PATCH: [perl #120675] Unexpected tainting via regex using locale
authorKarl Williamson <public@khwilliamson.com>
Wed, 4 Dec 2013 17:06:04 +0000 (10:06 -0700)
committerKarl Williamson <public@khwilliamson.com>
Thu, 5 Dec 2013 02:52:39 +0000 (19:52 -0700)
commitb99851e1941e002dd4816ee6c76fd49bbee1d7f3
tree35f308b90cb367c07b1044c86c8066d6e09e25ff
parent7d3522ac673ed909c14c4bb01095ed6c234fc417
PATCH: [perl #120675] Unexpected tainting via regex using locale

Tainting should only be turned on if something that could be tainted is
actually tried.  Hence in a [bracketed character class], if the
character being matched is something like

    "a" =~ /([a-z])/l;

tainting isn't turned on because the match doesn't actually depend on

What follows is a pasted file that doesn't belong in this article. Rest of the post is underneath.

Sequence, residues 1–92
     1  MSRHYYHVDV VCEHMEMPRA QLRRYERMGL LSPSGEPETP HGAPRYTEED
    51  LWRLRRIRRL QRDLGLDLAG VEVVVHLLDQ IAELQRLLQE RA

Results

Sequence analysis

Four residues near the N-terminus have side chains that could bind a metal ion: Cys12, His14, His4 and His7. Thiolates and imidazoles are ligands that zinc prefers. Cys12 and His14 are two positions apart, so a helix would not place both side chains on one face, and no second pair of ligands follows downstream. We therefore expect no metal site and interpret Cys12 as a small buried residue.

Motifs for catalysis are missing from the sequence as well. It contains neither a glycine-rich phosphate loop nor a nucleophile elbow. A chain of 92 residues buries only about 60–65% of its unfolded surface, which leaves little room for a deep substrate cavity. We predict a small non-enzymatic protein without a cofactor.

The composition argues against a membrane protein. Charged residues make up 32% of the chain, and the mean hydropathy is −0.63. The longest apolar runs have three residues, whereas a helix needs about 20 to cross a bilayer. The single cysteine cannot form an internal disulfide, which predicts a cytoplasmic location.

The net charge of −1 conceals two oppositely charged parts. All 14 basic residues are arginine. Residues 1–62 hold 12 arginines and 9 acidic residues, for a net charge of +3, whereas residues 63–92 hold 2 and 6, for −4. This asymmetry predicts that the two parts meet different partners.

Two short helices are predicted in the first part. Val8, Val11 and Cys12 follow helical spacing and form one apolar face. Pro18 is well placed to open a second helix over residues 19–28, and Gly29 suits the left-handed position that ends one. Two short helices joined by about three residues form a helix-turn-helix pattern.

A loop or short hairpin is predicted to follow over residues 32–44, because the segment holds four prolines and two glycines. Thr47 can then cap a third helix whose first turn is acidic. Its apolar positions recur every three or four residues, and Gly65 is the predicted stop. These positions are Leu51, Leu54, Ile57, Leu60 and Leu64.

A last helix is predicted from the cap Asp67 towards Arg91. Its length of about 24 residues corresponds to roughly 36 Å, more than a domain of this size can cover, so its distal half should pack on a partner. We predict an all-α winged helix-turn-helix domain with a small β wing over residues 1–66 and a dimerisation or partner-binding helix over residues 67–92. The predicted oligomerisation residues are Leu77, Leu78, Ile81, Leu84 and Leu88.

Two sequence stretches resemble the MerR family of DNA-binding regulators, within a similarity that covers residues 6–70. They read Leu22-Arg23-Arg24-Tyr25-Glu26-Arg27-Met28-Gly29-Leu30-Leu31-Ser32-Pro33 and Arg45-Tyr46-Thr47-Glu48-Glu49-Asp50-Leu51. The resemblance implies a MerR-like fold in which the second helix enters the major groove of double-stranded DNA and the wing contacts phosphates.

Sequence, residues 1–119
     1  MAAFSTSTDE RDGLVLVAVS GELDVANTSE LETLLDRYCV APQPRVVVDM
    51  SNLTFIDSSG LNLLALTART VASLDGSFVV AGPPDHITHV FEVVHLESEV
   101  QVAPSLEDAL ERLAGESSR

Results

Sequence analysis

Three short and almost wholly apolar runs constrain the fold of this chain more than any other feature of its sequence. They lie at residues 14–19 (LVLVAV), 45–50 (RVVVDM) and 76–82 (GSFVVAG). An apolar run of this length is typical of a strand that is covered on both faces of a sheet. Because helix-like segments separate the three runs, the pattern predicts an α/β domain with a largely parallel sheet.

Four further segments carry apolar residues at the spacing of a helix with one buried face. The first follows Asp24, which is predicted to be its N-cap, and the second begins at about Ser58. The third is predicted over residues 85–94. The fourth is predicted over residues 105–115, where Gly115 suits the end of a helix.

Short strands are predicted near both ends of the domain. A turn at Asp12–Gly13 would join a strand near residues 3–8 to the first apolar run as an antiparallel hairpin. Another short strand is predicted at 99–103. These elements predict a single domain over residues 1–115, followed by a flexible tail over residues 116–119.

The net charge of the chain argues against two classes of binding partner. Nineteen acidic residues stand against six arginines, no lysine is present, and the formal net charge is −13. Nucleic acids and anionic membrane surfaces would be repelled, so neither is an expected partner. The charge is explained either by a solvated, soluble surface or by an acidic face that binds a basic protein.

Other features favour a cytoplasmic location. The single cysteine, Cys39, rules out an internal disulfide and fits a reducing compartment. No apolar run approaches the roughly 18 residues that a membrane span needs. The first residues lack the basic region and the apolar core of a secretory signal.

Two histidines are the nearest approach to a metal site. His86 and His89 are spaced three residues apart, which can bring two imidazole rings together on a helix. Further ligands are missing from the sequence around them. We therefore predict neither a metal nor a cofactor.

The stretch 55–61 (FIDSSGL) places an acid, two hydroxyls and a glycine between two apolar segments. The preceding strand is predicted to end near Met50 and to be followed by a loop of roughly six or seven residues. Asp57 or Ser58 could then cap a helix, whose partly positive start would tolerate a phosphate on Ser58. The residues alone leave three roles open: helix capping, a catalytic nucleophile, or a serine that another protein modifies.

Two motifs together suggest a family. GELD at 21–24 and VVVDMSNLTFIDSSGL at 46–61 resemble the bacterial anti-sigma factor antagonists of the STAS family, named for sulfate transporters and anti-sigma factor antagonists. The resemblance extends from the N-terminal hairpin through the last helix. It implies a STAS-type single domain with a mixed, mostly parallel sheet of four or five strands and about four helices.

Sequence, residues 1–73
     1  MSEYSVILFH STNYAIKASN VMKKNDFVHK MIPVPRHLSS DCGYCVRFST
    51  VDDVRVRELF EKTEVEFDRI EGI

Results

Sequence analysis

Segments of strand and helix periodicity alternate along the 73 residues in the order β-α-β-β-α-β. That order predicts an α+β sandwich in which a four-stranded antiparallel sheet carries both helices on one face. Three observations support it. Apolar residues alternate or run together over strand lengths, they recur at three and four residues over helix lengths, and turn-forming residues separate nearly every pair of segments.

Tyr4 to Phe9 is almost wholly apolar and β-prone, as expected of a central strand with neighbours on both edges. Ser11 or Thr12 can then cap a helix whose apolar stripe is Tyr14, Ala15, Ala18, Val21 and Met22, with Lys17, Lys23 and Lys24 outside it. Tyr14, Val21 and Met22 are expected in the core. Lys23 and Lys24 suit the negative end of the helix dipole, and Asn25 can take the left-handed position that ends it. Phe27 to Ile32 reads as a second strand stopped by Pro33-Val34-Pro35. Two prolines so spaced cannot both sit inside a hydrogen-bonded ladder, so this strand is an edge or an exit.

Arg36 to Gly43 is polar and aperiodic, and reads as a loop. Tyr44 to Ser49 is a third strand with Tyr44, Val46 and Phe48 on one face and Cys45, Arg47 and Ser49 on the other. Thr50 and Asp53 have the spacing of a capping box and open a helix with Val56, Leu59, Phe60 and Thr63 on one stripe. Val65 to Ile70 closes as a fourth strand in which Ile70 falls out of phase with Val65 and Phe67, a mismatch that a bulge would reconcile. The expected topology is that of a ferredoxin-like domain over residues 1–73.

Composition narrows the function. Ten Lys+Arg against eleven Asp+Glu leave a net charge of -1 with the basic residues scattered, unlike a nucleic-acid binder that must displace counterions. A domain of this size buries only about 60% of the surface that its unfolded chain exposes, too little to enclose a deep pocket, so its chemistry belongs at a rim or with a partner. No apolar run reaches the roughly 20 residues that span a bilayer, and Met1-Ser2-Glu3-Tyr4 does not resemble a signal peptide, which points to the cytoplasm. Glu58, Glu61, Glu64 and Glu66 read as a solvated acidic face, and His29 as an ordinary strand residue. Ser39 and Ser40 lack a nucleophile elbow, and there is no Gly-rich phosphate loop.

the locale definition.  That is, it would match regardless of the
locale.  Similarly,

    "A" =~ /([a-z])/l;

shouldn't turn on tainting because it shouldn't match no matter what
locale is in effect.  However, until this commit, this worked only
because of a compilte time optimization.  The following (from the
ticket) isn't optimized and didn't work until this commit:

    "foo.bar_baz" =~ /^(.*)[._](.*?)$/';

The [._] was causing tainting even though there is nothing in the
pattern that is locale-dependent.

This commit just moves the tainting to code branches where the locale
actually does matter.  It was just turning it on for any bracketed
character class where the target character didn't match any of the
explicit characters in the class.
lib/locale.t
regexec.c